Sophia, an advanced humanoid robot created by Hong Kong-based Hanson Robotics, uses artificial intelligence, facial recognition, and strikingly human-like expressions. On October 25, Saudi Arabia granted citizenship to Sophia, making “her”1 the first robot to achieve that distinction in the world.2 Though many have speculated as to the motives of this ostentatious move on the part of the Kingdom, conveniently in the midst of the Future Investment Initiative in Riyadh,3 this development does more than raise doubts as to the King’s sincerity—rather, it highlights yet again the cavernous gap between today’s technology and the legal regulation regimes developed thus far.
The direct practical implications of the King’s decision will likely be underwhelming. Saudi Arabia is regularly criticized for its appalling lack of civil and political rights for its human citizens by Human Rights Watch,4 Amnesty International,5 the U.S. State Department,6 Freedom House,7 and others. In a nation where the Basic Law declares the Qur’an and its traditional interpretations to be the national constitution,8 and where women were granted the right to drive a car only this year,9 the likelihood that Sophia will actually enjoy any newfound freedoms as an official citizen is undoubtedly slim10—especially if Saudi Arabia has recognized Sophia as female. Whether the Kingdom of Saudi Arabia will issue Sophia a passport, allow Sophia to own property, or to participate in the next round of municipal council elections remains to be seen. In any case, this unprecedented grant of citizenship to a robot, while more likely for publicity as Saudi Arabia tries to edge its way into the future of robotics and AI, takes place as the world is still struggling to determine how to legislate the unique issues that arise with these technologies.
The human fascination with creating an autonomous humanoid agent long predates the realistic ability to succeed in doing so, and has long been the stuff of science fiction and horror stories.11 Today, however, robots are no longer fairy tales. Robots are being used to vacuum living rooms,12 to entertain our children,13 and as therapeutic tools for autistic children and Alzheimer patients.14 And, as evidenced by Sophia’s advanced intelligence, the technology is only continuing to progress with time. As technology advances in the fields of machine learning and automated decision making, the law must quickly adapt in order to address the situations that we are soon to encounter.
The field of “robolaw” has flourished in academia in recent years, with scholars positing theories and analyzing concepts of liability, personhood, and privacy.15 But in spite of increasing public awareness, and growing concerns from both the legal and technology communities, the United States has yet to seriously broach the topics of AI regulation and robotics-facing legislation. The European Union (EU), on the other hand, is leading the charge towards developing a legal regime that contemplates the kind of legal questions that we are bound to face as robots become increasingly autonomous, intelligent, and, one day, sentient.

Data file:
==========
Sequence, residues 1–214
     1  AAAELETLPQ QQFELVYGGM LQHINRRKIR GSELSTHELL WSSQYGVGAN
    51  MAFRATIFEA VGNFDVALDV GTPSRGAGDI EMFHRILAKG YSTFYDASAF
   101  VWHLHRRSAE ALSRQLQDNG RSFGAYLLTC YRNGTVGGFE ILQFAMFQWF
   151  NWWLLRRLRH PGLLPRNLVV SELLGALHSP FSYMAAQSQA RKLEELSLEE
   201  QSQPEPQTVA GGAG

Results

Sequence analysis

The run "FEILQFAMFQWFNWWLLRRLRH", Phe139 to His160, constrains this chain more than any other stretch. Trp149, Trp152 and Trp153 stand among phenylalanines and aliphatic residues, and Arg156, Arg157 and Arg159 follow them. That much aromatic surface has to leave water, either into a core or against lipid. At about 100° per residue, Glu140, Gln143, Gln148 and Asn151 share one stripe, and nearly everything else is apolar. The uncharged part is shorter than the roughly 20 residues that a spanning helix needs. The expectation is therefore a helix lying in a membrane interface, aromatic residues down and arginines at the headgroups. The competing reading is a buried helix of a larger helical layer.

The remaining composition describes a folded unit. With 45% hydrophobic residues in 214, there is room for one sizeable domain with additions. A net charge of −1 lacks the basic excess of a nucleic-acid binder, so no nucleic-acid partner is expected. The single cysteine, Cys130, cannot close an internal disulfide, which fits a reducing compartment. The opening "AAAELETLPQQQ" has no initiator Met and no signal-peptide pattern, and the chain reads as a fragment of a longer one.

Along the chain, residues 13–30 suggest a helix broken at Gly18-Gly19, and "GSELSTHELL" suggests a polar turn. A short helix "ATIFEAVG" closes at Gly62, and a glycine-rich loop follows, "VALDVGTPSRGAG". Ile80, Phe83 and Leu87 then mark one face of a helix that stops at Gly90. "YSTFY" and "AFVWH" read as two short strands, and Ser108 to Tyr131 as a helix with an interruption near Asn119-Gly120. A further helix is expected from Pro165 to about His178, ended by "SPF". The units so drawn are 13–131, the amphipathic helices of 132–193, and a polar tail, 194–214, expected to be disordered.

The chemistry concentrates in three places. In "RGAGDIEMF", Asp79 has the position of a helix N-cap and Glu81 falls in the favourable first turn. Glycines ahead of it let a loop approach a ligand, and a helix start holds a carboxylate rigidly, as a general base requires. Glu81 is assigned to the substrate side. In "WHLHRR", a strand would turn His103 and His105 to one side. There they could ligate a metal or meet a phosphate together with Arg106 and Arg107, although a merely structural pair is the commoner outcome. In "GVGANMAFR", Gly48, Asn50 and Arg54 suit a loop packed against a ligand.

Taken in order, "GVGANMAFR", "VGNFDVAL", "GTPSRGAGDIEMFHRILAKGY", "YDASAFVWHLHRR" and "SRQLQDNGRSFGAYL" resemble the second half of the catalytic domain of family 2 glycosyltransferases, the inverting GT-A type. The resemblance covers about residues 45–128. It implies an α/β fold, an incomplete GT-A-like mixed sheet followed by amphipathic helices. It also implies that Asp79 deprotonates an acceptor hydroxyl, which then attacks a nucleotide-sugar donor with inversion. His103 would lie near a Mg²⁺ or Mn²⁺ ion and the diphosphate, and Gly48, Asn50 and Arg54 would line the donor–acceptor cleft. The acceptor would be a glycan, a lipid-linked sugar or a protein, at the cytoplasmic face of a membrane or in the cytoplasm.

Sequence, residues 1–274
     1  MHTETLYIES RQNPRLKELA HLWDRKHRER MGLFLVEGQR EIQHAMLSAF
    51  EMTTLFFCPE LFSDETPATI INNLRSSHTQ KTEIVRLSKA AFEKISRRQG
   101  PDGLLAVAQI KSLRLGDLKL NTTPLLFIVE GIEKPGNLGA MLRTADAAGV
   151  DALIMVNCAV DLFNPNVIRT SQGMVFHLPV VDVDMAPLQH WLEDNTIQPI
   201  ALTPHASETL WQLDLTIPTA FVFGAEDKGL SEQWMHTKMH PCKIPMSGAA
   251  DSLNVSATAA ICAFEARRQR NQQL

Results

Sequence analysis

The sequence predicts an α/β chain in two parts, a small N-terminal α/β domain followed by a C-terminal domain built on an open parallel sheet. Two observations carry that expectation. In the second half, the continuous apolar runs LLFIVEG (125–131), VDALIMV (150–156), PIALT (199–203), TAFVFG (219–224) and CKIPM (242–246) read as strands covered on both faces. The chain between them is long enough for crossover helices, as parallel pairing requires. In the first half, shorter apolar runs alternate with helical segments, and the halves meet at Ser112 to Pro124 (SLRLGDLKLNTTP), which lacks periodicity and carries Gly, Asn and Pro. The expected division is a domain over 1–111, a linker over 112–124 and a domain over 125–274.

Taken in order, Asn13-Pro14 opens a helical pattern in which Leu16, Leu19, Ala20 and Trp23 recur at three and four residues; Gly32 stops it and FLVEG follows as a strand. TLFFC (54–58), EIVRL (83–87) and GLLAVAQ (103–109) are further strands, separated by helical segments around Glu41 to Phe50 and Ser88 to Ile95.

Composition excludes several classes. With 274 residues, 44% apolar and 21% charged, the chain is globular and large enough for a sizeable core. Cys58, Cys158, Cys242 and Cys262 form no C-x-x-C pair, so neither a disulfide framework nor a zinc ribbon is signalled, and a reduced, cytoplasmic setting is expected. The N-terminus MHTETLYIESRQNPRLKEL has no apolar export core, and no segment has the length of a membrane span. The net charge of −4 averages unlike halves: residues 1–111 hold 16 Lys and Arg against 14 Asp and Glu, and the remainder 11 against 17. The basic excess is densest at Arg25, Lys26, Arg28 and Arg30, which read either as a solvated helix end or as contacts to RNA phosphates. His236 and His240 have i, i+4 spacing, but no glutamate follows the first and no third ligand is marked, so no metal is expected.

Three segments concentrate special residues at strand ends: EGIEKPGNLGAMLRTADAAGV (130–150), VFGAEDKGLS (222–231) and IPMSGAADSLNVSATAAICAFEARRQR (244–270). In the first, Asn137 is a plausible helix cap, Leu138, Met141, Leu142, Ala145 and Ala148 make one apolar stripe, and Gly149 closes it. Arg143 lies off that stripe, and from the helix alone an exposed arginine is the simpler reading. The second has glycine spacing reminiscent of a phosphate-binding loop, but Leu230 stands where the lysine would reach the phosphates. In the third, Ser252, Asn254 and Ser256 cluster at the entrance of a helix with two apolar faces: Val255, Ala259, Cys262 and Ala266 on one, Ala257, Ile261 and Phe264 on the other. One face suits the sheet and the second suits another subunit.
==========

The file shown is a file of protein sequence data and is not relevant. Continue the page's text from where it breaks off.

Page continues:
In February of this year, the European Parliament (EP) passed a resolution to recommend various aspects of such future legislation to the Commission on Civil Law Rules on Robotics.16 Per their resolution, the future legislation will address issues including liability (i.e., what happens when a robot commits a tort), intellectual property (both the importance of protecting the IP of robot-creators, and also what happens when a robot invents something patentable), and the ethical aspects of living in a world with autonomous machines that are capable of independent thought.17 The resolution goes so far as to propose a European Agency for Robotics and Artificial Intelligence in order to promote cooperation between Member States in the field and also to assist in developing the kind of regulatory regime that the EP has recognized will be necessary.18 Having already started the ball rolling on this crucial issue, the EU is well ahead of the United States in this regard.
The few attempts at progress in the United States have been insufficient. In June 2011, for example, with tech companies and the automobile industry vying for influence, Nevada became the first and only state to promulgate a law regarding driverless robotic cars.19 After an unexpected degree of impact on automakers, however, Nevada quickly was forced to repeal and rewrite this novel legislation.20 This example illustrates an inability to act as needed so far, and that the regulation desperately needed in this field is not properly left to the states—the United States cannot allow for so many differing regimes, with varying degrees of technical understanding and special interest groups leading the charge. Congress must follow the example of the European Parliament and heed the warnings of leaders in the industry like Elon Musk,21 who describes AI as a “fundamental existential risk for human civilization.”22